3 poems by Maureen Jivani

Open Heart I had a heart in my hands once. It shivered like an injured bird. I had to stop those fibrillations to steady that pale heart, cooled, in its cage of bone. Such an enormous task, it took all the long afternoon. But we had opera, laughter and a tunnel of light in that dungeon-cold room. And sometimes it leapt, that insensible heart, like a flying fish or one left behind when the tide goes out. Poor heart to be stranded like this, a fist of blubber, in my small hands. Going Under Here, waiters are tall and carry silver salvers: the dead on a plate, cabinet doors open and close of their own accord. Venetian crystal sparkles like a new love. The hostess grins while flaming Sambucas. Faces float masks accumulating dust. A woman breezes past wearing gold shoes and a d├ęcolletage to die for. In the mirror, an elderly man removes his gloves; one slips in silence to the floor. The grandfather clock chimes the hour. I sigh in an effort of remembrance. An upstairs bedroom, a drab

More Paris Review Interviews: Murray and Simic

Les Murray Charles Simic

Ted Hughes Poem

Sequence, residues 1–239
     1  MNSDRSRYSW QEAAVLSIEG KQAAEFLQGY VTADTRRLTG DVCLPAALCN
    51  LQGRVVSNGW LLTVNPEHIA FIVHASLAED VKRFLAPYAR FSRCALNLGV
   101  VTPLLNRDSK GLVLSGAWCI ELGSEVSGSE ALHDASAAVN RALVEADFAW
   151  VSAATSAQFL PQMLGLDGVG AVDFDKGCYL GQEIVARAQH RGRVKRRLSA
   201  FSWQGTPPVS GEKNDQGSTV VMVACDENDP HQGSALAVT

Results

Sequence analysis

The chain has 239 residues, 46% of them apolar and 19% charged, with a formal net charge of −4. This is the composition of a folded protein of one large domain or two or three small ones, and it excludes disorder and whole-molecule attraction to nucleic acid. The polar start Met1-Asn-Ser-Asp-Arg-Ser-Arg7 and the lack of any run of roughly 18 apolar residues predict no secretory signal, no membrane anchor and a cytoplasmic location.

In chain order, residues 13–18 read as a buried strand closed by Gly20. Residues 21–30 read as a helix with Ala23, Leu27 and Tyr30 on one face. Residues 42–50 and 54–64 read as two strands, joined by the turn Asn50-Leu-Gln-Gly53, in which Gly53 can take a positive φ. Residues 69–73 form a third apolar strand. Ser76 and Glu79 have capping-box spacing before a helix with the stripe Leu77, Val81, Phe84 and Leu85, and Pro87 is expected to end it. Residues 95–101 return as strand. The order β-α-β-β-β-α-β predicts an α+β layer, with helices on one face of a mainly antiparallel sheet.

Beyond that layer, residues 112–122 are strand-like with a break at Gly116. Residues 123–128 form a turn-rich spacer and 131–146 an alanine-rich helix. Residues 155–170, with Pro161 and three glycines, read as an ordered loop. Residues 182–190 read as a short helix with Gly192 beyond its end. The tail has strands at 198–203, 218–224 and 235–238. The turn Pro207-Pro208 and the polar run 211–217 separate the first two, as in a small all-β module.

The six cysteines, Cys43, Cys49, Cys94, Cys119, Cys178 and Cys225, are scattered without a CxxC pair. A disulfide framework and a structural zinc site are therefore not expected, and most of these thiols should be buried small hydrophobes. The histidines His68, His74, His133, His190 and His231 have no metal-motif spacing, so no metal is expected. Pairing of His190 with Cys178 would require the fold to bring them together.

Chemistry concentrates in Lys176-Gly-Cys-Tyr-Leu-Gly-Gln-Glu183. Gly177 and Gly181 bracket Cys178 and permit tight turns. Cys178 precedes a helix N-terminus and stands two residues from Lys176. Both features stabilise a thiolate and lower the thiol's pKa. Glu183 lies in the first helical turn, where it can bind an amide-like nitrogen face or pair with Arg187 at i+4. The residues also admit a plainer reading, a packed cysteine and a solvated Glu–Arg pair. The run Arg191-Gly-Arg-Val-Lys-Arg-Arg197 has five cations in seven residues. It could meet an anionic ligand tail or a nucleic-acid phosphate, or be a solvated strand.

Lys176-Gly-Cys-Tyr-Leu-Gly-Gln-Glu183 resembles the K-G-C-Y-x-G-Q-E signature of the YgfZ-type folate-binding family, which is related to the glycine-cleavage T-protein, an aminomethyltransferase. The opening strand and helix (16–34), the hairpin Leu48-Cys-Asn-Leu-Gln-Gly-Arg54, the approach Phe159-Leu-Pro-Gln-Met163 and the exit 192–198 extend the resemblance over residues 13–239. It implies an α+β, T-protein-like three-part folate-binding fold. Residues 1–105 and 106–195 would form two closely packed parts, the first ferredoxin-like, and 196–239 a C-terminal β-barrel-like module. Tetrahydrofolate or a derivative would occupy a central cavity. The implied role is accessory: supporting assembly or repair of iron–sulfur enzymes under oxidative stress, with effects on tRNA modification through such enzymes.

“Last Letter” by Ted Hughes What happened that night? Your final night. Double, treble exposure Over everything. Late afternoon, Friday, My last sight of you alive. Burning your letter to me, in the ashtray, With that strange smile. Had I bungled your plan? Had it surprised me sooner than you purposed? Had I rushed it back to you too promptly? One hour later—-you would have been gone Where I could not have traced you. I would have turned from your locked red door That nobody would open Still holding your letter, A thunderbolt that could not earth itself. That would have been electric shock treatment For me. Repeated over and over, all weekend, As often as I read it, or thought of it. That would have remade my brains, and my life. The treatment that you planned needed some time. I cannot imagine How I would have got through that weekend. I cannot imagine. Had you plotted it all? Your note reached me too soon—-that same day, Friday afternoon, posted in the morning. The prevalent devils e